You likely have noticed that web pages nowadays take longer and longer to load. Even if you have a decent internt connection, there's still a noticeable delay while certain pages load. And it's worse on particular sites.
If you look down to the bottom of the screen when you're waiting for a site to load, you'll often see messages pop up which provide the clue as to why your page is taking so long to load. The server hosting the content you're interested in is working just fine, but the delays are caused because of all the other advertising platform systems that your browser is also being asked to connect to, so your movements can be tracked. This extensive tracking slows down your browsing, increases your internet traffic usage, and decreases your privacy. It means that one advertiser can find out about your browsing habit on another company's web site, if both companies subscribe to the same tracker provider.
Fortunately, there is an EXTREMELY useful and EXCEEDINGLY easy to use browser add-in called Ghostery. Once installed (and it takes just one click to install), you can click the small ghostery icon at the top of your browser window to view details about the trackers that the currently displayed web page is calling on your behalf. In the example below, you can see that the page being viewed was connecting to no fewer that 16 separate tracking networks. By moving the sliders, you can block connections to the trackers, thus speeding up your browsing and preventing companies from finding out about your browsing. And if removing any tracker causes a problem, you just move the slider back. You will be stunned by the amount of "things" that are tracking your every move.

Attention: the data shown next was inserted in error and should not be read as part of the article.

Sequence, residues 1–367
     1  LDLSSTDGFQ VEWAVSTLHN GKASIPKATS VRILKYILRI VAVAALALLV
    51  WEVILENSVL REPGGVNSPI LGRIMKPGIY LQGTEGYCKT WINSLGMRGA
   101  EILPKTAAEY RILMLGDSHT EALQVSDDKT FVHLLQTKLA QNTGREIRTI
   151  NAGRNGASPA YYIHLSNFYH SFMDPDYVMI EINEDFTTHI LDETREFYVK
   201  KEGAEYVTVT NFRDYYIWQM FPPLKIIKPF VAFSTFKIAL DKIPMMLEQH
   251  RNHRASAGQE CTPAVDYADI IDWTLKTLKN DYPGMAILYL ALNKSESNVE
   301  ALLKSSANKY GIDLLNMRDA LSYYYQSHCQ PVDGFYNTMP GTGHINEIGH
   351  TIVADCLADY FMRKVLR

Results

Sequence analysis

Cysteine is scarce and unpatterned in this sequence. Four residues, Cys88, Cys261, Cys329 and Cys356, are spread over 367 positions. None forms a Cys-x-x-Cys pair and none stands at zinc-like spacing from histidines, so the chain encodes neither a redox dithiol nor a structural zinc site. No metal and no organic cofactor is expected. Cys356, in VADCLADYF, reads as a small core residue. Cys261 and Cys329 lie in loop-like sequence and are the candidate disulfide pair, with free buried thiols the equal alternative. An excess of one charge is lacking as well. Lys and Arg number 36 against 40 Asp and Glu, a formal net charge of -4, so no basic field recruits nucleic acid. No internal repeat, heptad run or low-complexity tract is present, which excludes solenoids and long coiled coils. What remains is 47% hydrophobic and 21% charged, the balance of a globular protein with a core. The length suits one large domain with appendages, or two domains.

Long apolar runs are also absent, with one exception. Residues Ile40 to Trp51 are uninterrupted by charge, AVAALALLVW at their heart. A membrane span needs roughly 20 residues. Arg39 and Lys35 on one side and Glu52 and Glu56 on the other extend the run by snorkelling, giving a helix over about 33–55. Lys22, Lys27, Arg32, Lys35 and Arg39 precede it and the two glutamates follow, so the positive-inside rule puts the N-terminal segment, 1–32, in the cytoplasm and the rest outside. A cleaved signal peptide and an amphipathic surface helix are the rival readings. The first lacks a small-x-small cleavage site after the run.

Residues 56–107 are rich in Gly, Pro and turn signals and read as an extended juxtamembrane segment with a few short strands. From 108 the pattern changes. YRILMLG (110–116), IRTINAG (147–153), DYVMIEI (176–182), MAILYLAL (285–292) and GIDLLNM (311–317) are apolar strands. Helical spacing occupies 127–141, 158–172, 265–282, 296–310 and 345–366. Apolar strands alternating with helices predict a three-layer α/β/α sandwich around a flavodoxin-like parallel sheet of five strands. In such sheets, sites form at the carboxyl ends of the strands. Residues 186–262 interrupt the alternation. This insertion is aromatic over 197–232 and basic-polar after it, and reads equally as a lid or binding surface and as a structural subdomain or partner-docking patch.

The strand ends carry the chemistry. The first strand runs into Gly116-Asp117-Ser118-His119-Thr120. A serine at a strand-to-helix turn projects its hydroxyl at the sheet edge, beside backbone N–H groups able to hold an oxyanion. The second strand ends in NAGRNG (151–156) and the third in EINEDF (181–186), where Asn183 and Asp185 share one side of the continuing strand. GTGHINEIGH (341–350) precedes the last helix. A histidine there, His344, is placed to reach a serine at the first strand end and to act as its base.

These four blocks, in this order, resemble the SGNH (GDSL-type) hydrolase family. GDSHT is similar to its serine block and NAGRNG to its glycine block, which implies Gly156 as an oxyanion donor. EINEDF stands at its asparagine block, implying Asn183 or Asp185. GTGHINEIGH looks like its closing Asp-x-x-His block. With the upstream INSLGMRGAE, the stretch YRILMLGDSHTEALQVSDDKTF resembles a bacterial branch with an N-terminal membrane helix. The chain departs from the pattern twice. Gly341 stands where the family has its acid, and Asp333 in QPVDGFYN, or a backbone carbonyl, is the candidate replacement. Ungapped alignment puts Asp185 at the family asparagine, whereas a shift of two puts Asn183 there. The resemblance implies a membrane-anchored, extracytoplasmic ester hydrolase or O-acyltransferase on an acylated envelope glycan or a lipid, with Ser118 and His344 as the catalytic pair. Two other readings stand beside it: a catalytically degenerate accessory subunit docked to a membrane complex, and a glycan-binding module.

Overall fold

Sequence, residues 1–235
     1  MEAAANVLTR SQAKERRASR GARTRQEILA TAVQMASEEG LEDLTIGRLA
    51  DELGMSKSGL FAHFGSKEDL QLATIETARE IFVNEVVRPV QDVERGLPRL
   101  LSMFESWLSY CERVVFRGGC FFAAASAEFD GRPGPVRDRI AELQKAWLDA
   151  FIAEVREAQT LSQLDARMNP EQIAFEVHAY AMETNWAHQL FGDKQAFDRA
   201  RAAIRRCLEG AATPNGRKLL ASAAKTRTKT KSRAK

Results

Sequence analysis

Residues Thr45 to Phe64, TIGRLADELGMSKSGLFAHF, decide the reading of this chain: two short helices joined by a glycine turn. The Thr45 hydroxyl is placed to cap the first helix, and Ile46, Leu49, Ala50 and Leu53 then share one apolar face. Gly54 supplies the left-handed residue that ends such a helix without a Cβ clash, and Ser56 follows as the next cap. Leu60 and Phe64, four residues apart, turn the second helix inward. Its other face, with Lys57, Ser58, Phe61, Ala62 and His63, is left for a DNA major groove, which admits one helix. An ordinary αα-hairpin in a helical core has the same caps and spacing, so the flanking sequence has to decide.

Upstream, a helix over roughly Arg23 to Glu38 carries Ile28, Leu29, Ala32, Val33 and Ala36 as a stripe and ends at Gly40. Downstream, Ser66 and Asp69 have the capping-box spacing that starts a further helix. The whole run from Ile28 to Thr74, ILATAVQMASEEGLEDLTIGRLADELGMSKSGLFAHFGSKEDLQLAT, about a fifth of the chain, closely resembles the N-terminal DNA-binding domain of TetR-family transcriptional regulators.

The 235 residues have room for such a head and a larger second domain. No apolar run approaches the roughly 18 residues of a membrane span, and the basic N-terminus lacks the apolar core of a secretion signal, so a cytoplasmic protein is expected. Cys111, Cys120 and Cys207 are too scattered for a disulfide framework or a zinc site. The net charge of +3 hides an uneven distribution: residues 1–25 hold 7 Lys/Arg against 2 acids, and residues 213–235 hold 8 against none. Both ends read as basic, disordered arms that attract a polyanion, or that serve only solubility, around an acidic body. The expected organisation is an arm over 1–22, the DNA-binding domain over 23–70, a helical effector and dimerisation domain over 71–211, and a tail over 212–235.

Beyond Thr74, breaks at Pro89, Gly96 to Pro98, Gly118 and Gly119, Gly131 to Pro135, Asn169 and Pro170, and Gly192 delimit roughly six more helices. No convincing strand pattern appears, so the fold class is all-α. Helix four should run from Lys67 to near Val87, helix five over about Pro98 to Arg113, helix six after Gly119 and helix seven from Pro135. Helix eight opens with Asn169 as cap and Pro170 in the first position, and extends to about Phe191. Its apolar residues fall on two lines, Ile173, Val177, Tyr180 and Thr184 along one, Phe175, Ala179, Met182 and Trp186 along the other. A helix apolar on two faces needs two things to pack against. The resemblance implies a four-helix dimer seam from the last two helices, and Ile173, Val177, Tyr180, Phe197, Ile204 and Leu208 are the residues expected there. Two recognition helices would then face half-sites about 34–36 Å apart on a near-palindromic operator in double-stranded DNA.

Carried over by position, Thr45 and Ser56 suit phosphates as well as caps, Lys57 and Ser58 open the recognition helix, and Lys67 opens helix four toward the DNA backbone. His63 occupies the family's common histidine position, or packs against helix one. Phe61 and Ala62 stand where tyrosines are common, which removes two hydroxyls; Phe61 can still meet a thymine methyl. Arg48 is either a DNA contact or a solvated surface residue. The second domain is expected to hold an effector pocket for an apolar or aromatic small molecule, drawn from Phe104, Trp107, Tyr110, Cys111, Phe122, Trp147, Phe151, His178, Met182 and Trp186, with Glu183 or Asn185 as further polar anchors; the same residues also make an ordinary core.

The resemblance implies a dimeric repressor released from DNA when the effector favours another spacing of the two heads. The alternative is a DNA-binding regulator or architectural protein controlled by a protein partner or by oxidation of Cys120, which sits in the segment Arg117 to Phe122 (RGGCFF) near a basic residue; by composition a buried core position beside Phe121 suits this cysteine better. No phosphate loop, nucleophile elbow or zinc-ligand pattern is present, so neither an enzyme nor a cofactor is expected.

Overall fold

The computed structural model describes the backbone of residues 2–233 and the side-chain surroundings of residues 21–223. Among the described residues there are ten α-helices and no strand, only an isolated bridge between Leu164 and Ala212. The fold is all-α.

It should be noted that the makers of Ghostery are totally up-front about how they make their money. Anonymous data from their 20 million users of Ghostery is sold to web site operators so that they can find out which trackers are worth using and which are commonly blocked by users.